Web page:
May in move to pro­tect work­ers in UK’s gig econ­omy

The Star Late Edition - - OPINION & ANALYSIS -

WHAT IF your gig at a UK start-up means you have flex­i­bil­ity but no paid sick leave, no time off and no pen­sion? That was a fo­cus of dis­cussion at the Google cam­pus in Lon­don and part of a re­view into chang­ing UK work­ing prac­tices that Prime Min­is­ter Theresa May asked Matthew Tay­lor to ex­am­ine. The 56-year-old job czar was ap­pointed to find ways to clar­ify and se­cure rights for the grow­ing ranks of self-em­ployed and ca­sual labour in Bri­tain.

He ac­knowl­edged “there is ex­ploita­tion, there is bad prac­tice, there are nasty peo­ple” in the boom­ing gig econ­omy and the Bri­tish work­place at large. Peo­ple with the free­dom to make up their own work hours then don’t know what, if any, ben­e­fits they can have. New busi­nesses are try­ing to con­tain costs and cut their tax bills.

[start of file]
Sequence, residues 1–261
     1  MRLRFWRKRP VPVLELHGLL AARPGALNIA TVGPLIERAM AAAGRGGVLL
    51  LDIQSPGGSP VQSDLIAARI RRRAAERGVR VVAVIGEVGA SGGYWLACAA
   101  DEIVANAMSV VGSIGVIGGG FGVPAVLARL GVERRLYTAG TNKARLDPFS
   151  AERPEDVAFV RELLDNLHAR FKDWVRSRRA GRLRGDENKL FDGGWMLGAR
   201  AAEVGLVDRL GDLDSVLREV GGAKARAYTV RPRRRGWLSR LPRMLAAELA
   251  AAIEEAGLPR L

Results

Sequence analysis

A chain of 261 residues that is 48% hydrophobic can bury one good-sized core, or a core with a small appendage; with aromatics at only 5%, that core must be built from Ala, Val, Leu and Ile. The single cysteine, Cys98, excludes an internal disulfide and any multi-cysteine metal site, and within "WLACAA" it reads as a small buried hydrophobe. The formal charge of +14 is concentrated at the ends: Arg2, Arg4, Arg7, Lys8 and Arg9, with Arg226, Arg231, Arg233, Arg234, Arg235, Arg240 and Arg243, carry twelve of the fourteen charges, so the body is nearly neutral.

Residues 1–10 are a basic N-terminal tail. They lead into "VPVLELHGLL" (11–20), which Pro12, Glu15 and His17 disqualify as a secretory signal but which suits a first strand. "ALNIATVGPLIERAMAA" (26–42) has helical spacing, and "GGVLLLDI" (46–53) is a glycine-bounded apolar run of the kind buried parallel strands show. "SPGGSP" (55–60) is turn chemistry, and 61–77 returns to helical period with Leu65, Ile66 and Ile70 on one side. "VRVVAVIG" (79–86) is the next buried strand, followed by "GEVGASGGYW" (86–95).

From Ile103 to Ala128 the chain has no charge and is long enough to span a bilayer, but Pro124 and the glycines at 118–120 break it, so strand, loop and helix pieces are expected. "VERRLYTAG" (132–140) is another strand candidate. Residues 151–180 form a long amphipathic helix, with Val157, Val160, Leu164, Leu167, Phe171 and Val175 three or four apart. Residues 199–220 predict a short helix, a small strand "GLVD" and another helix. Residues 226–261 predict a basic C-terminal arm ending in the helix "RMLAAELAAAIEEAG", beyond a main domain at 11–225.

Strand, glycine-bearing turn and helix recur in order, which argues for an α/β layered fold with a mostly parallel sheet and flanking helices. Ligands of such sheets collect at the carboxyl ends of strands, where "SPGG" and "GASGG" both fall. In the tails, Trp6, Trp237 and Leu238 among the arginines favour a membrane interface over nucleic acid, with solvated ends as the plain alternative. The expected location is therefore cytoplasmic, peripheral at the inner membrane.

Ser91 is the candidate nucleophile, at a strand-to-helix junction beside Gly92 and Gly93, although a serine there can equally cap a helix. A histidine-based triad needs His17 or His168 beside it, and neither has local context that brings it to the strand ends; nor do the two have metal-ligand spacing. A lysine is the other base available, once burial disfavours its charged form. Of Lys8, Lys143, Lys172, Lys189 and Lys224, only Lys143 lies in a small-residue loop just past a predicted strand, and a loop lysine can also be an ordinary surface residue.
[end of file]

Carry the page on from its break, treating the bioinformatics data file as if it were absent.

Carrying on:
But for Tay­lor, “a lot of what goes on is gen­uine con­fu­sion”. He is al­ready sketch­ing out a re­com- men­da­tion that em­ploy­ers should hand work­ers a “ba­sic state­ment” of the terms of their em­ploy­ment and en­ti­tle­ments af­ter a week or so of work to end any am­bi­gu­ity.

He’s also mulling an app to al­low both em­ploy­ees and em­ploy­ers to plug in the par­tic­u­lars of their em­ploy­ment to de­ter­mine whether they’re of­fi­cially deemed an “em­ployee,” a “worker” or “self-em­ployed”. Each cat­e­gory comes with a dif­fer­ent set of en­ti­tle­ments.

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